So, thinking about this one cool example of collaborative knowledge generation – “Web 2.0 thinking” – I asked myself “What future skills does this example include?”  “How could we teach those skills to AE students?”   “How could we teach those skills without access to the internet or the technologies Wesch used?”

 OK – “Metaskills”  involved that *I* saw (in order):

  • Research – finding the articles on a topic on the web, at your readability level.
  • Reading – skimming (don’t need to read the whole article in depth in order to summarize the main points.)
  • Writing – creating a 3-4 sentence, concise summary of the main points in an article; writing a well stated clear summary for peers.
  • Reading/Critical Thinking Skills – Analyze and integrate reading with prior knowledge (synthesize, make connections, generalize, etc.)
  • Listening/Speaking skills – clearly communicate your points in a non-offensive manner, listen to other’s points and build on their thinking, respecting others’ points of view…
  • Hard Tech skills – Internet search techniques, Use of a web browser, basic typing skills. (Note that all but these last are also pretty clearly GED, workplace, and/or post-secondary ed skills as well.)

Wow.  And in the process they are automatically “creating knowledge collaboratively” – and learning to vlaue one another’s input. So what might this look like in an AE/ESOL class? With or without technology access?

How about a topic of career exploration? Each student chooses a job sector (like education or health or automotive, etc.) , and finds out about 2-5 jobs in that sector – via the internet, classifieds, interviews of folks holding those jobs, books magazines, etc.  They collect information that they feel their peers would want to know, and then prepare a short summary of these jobs  for their peers.  These summaries are communicated to their peers, and then a class discussion of career options is held.

Adjustments for learner’s functioning levels/access to technology:

  • Searches could be done via interview, online (e-mail, live chat, skype) or offline (in person or via phone); via the newspaper online or offline, via articles or web pages online or offline; books at different reading levels, etc.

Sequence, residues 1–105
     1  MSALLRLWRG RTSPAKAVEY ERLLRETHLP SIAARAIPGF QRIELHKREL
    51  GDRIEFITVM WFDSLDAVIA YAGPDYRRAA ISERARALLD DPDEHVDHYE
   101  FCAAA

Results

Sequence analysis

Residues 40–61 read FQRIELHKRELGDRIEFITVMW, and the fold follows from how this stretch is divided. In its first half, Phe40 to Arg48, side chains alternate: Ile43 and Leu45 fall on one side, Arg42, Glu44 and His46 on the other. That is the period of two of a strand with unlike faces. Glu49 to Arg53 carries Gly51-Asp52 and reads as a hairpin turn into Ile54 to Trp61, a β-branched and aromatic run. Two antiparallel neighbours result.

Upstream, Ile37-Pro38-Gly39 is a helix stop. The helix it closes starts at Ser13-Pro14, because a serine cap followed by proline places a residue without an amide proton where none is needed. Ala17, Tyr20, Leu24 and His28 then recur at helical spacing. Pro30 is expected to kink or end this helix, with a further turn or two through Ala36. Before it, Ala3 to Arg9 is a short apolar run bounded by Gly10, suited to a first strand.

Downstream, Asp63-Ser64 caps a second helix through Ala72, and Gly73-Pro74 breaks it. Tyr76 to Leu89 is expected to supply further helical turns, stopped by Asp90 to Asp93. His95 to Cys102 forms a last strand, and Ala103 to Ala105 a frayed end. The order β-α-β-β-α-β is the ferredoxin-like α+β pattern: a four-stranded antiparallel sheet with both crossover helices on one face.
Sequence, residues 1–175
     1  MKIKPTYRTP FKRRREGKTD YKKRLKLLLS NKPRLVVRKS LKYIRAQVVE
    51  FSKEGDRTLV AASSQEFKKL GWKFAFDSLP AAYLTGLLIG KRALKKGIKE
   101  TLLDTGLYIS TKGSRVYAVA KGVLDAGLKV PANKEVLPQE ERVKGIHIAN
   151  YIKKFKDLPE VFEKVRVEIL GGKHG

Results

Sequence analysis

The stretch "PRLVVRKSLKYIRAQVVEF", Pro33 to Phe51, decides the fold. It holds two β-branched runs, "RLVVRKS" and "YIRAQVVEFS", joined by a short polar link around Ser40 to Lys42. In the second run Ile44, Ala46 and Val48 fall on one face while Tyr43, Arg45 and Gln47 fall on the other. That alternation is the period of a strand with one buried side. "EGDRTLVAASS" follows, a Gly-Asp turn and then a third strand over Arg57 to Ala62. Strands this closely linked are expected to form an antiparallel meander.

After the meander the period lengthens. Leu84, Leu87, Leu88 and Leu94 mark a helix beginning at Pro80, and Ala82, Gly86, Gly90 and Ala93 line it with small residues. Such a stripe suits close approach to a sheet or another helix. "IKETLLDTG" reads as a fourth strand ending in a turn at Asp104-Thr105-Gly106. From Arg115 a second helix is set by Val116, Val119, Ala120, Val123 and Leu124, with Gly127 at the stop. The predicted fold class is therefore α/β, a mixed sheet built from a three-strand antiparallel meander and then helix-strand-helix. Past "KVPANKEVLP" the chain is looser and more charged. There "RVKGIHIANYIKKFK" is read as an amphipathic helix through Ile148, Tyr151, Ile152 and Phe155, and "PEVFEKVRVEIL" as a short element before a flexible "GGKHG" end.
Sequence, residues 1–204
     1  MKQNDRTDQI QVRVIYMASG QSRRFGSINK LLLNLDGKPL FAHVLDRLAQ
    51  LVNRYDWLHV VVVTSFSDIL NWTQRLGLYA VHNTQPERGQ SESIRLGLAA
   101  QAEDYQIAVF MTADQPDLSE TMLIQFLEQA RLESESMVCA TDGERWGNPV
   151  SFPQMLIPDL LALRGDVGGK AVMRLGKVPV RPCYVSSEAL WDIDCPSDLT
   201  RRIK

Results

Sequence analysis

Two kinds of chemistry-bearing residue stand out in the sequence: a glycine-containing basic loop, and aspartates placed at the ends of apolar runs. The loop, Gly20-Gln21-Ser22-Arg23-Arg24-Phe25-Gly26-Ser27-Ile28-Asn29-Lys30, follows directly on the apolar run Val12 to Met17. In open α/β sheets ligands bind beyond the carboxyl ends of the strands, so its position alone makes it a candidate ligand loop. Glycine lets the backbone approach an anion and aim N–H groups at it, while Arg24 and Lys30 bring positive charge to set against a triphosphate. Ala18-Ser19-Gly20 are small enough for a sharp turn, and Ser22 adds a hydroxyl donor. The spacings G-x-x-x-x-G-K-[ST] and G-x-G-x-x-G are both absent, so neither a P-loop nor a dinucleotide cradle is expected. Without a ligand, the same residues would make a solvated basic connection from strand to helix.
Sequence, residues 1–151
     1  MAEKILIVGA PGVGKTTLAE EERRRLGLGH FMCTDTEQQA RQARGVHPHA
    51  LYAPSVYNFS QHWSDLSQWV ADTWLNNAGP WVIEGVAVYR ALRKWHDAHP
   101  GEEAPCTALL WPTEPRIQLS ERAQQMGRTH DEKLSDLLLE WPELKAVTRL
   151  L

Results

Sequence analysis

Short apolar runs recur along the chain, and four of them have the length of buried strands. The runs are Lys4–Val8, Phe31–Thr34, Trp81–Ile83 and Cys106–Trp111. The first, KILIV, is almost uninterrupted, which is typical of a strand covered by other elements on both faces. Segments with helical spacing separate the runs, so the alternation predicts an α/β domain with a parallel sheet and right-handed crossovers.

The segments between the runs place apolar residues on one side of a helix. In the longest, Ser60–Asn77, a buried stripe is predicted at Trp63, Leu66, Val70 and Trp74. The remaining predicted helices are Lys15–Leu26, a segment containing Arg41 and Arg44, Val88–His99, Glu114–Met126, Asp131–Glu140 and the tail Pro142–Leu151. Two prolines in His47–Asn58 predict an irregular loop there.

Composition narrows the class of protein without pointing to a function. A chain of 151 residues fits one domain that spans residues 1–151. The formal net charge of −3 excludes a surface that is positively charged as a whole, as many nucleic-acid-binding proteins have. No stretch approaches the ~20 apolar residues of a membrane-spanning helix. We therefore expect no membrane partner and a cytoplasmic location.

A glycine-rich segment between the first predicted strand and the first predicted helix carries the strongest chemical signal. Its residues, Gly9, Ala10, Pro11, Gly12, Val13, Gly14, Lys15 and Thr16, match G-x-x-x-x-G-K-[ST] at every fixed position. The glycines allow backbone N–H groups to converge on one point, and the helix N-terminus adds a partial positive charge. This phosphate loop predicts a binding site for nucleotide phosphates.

• Written information to be gathered could be dictated in part or in full by a list of teacher generated or student generated questions (individually or as a group), students’ writing tasks might be to fill out a form (online or on paper), or to write a more free-form paragraph – on paper or on a wiki, or a blog…
  • Students could have to read each other’s summaries or listen to them on recording (on or off line, with or without the written piece in front of them).  To stay in the spirit of this exercise, the reading/listening of each other’s summaries should be done independently or in small groups- not as a whole class “report out.” (One person reading while everyone else in class listens is the very opposite of “cooperative learning.” ) If done in small groups, folks could be grouped in like sectors for initial discussion or in unlike sectors to take back to a sector discussion (see below).
  • Follow -up discussion: Whole class discussion of best jobs, worst jobs, most interesting, most surprising. Have students group and discuss by sector before or after a cross sector discussion, etc.
  • Math Extension – add a survey component – ask questions about the class’s job preferences based on this research (how many want jobs in each sector, which are the best paying jobs, etc.), and graph results.

Here’s an example of how even low ESOL folks could participate: Students choose sector by photo, conducts interview in English, native language ,or through interpreter, but then must fill in a 3-4 line form with stuff like name of job, pay,  work hours/days, and whether or not they think they’d like the job, and “report out” orally to class.  Students then “vote” for jobs they’d like to have after hearing about all of them.  Based on this information- they go out and research more!

Whew! I’ll stop now.  Any other ideas or brainstorms prompted by Dr. Wesch’s strategy?

Posted in 21st Century Communication, Meta-Skills, Teaching Ideas | Tagged: | Leave a Comment »